Saturday, July 15, 2017

The zombie speaks!

July 15 1956 -
Although not in the same league as Plan 9 from Outer Space, It Conquered the World was released upon an unsuspecting public on this date.



Paul Blaisdell, who designed, built and portrayed the alien in the movie, affectionately dubbed his creation "Beluah". It is easily the most popular monster of Blaisdell's oeuvre among his fans as well.  American International released the film on a double bill with The She-Creature.


July 15, 1983 -
Woody Allen's technically inventive and very funny mocumentary, Zelig starring Woody Allen and Mia Farrow, premiered on this date.



Silent screen legend, Lillian Gish, was filmed for a scene in Zelig. She scolded director of photography, Gordon Willis, on his lighting set-up and, while the crew watched aghast, gave Willis step by step instructions on how to re-light the scene. Willis complied. The scene did not make it into the final version of the film. Willis has said of this film: "There was a point when I thought we were never going to finish, a point when I thought I was going to go nuts. I have never worked so hard at making something difficult look so simple".


July 15, 1998 -
The Farrelly Brothers career saving romantic comedy, There's Something About Mary premiered on this date.



Dropping Ted on the stretcher wasn't scripted. When it happened, they cut to make sure Ben Stiller was okay and then thought it was so funny they left it in.


Please join us for a very special ACME Eagle Hand Soap Radio Hour


Today in History:
July 15, 1606
-
Rembrandt van Rijn was born in Leiden, Holland, on this date.

His father was a miller and his mother was a stay-at-home mom.



He is best known for his mastery of chiaroscuro and impasto, but his calamari was nothing to sneeze at.


July 15, 1799 -
The Rosetta Stone is an Ancient Egyptian artifact which was instrumental in advancing modern understanding of hieroglyphic writing. The stone is a Ptolemaic era stele with carved text. The text is made up of three translations of a single passage, written in two Egyptian language scripts (hieroglyphic and Demotic), and in classical Greek.



It was created in 196 BC, discovered by the Napoleonic expeditionary forces in 1799 at Rashid (a harbor on the Mediterranean coast in Egypt which the French referred to Rosetta) and contributed greatly to the decipherment of the principles of hieroglyphic writing in 1822 by the British polymath Thomas Young and the French scholar Jean-Fran├žois Champollion.

Feel free to impress your friends with this bit of knowledge.


July 15, 1857 -
During an uprising, the group of British women and children being held by rebels in Chawnpore, India were cut to pieces with knives and hatchets. Then their remains are tossed into a well.



When British forces finally retook Chawnpore, the captured rebels are taken back to the house where the slaughter took place. Then they are forced to lick the floors clean, after which they are hanged.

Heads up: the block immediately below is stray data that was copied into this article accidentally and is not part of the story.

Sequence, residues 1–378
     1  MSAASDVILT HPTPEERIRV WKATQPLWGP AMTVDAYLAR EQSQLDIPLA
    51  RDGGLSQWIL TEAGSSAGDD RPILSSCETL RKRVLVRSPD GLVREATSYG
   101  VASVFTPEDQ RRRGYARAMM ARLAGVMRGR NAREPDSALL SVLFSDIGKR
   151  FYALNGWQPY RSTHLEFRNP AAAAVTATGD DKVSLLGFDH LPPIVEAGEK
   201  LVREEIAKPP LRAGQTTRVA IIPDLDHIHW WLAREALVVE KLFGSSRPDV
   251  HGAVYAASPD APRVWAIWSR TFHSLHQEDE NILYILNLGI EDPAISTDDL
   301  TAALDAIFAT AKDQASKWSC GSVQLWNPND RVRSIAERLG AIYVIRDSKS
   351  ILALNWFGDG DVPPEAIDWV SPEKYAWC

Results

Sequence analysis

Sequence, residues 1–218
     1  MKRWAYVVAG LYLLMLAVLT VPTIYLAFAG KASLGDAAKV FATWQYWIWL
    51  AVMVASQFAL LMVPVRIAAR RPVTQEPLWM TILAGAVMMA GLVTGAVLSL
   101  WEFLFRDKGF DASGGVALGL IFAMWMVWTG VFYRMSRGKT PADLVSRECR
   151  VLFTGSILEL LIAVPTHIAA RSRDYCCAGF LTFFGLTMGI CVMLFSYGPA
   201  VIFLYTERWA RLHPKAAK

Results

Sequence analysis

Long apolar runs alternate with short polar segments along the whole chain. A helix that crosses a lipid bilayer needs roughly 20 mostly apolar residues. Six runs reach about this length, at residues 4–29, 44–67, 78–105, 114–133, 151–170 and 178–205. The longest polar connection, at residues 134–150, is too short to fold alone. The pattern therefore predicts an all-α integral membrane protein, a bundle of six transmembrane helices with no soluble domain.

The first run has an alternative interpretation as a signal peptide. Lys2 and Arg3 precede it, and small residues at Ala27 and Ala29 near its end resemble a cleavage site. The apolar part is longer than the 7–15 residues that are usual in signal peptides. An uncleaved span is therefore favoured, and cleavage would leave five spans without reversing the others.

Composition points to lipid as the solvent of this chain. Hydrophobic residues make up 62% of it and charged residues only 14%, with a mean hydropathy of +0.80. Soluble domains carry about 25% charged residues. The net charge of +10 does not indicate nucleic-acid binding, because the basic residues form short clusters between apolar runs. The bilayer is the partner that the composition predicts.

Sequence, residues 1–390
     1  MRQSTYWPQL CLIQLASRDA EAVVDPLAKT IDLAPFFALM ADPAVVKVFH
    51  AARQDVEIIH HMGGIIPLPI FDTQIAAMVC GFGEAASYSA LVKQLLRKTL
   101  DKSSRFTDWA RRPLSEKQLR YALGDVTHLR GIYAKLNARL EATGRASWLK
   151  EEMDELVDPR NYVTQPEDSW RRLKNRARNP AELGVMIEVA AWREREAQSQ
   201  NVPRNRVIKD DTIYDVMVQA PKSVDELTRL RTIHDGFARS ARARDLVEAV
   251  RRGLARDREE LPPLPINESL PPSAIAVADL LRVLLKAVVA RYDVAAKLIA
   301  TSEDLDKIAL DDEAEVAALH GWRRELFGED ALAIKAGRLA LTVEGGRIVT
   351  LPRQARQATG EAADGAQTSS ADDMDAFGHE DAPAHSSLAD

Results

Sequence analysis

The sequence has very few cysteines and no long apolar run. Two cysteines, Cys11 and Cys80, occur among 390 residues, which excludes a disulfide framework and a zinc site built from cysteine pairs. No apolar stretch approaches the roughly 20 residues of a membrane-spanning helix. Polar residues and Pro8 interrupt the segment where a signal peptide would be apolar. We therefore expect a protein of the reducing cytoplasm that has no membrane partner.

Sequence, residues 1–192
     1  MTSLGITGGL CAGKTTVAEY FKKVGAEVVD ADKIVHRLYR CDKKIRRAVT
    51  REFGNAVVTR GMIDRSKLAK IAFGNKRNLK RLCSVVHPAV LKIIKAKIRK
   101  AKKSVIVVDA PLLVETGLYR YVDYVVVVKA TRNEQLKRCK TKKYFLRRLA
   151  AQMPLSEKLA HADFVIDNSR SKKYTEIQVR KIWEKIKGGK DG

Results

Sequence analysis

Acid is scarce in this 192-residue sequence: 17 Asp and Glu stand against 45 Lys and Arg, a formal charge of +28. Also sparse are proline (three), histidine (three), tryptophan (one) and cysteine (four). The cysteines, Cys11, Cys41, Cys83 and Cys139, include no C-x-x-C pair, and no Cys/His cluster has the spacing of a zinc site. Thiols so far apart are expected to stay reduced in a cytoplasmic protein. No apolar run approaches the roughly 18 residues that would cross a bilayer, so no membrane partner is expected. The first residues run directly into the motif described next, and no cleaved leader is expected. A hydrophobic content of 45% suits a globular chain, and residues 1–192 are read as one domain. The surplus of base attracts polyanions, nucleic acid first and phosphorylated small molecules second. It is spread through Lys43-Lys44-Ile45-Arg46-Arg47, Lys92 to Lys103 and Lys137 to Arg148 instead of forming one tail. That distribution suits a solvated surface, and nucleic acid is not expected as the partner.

I hate to think what the penalty was for early withdrawal from your IRA.


July 15 1864 -
A train containing hundreds of Confederate prisoners passing through Shohola, PA crashed head on with a coal train on this date.

The trains were off schedule because of an escape attempt. 74 people, mostly prisoners, died.


July 15, 1869 -
During war with Prussia, French ruler Napoleon III commissions Hippolye Mege Mouries to find a butter substitute. A patent for margarine was issued on this date, it being based on beef fat instead of milk fat.

He called it Margarine (but you can call it Oleo) because the French word for pearl was margarite and he apparently had difficulty distinguishing butter from pearls -



a handicap that goes a long way toward explaining his many divorces.



But even with the tactically superior spread, the war was still lost.


July 15, 1904 -
A small town Russian alcoholic doctor quietly succumbed to consumption, while in another room, his relatives sat around the house and wistfully bemoaned the lost opportunities of their lives. An old family retainer served tea to the unknowing mourners. Off in the distance, the guitar string of a peasant guitar broke, all on this date.



Anton Pavlovich Chekhov, died on this date but not as described above. As he lay dying of tuberculosis, in a German Spa, Chekhov called out for his doctor. The doctor examined him and prescribed him a glass of champagne. Chekhov finished his glass, commented on the taste, lay back down and died.

All in all, not a bad way to go.


July 15, 1946 -
Everywhere you go, there's a soundtrack. You can't really quite hear it. It's just a little out of the range of hearing.







Linda Maria Ronstadt, singer and actress was born in Tucson, Arizona on this date. (Have a kind thought in your heart for Linda today.)


July 15, 1979 -
President Jimmy Carter addressed the energy crisis and subsequent recession by discussing what he felt was the greatest threat to the United States in a speech later called the 'malaise' speech, on this date.



He believed that a lack of "moral and spiritual confidence" prevented the American people from recovering from the economic hardships and said, "this crisis in the growing doubt about the meaning of our own lives and in the loss of a unity of purpose for our nation" were the basis for the negative economic climate.


On July 15, 2007 -

The Philadelphia Phillies lost their 10,000th Major League Baseball game.



As of last night, (and this is a crude estimate) the team still holds the record for the most games lost by any professional American sports team in history with 10,799.


And so it goes



1285

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